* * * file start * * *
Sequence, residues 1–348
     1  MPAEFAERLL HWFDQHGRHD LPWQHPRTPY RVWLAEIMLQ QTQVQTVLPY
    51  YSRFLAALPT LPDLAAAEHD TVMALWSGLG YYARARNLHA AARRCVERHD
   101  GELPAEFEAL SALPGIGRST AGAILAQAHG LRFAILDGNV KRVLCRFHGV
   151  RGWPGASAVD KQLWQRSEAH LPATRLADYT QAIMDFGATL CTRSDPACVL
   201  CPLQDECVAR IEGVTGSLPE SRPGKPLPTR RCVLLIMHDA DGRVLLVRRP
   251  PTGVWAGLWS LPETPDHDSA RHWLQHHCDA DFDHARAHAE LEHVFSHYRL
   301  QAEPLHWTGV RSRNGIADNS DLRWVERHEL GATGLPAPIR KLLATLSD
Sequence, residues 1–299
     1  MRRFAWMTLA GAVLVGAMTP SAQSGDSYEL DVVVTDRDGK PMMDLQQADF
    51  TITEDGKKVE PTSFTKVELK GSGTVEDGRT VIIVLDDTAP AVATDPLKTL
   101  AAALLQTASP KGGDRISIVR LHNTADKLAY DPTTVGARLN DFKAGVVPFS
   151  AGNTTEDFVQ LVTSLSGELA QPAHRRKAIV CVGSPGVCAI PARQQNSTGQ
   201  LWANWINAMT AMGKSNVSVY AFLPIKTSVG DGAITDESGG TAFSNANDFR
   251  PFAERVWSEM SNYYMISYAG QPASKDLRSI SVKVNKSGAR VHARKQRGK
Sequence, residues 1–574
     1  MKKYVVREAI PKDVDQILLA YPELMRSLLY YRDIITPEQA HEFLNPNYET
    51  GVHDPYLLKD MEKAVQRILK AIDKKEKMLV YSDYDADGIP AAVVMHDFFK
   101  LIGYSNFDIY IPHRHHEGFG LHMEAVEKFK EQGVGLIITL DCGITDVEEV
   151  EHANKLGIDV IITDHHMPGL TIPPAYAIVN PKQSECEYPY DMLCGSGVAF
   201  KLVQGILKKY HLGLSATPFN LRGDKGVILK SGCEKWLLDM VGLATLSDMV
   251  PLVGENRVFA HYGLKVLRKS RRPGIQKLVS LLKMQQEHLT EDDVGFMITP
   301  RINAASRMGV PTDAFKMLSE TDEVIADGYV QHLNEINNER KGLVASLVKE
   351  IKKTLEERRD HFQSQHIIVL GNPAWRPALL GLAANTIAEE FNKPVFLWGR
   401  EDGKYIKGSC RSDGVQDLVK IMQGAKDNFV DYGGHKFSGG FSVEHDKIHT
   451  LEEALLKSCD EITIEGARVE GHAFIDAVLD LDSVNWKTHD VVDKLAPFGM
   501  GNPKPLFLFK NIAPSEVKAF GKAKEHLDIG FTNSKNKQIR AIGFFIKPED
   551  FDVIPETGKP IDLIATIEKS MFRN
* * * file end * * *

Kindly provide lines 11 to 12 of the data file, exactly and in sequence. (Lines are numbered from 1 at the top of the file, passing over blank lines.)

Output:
    51  TITEDGKKVE PTSFTKVELK GSGTVEDGRT VIIVLDDTAP AVATDPLKTL
   101  AAALLQTASP KGGDRISIVR LHNTADKLAY DPTTVGARLN DFKAGVVPFS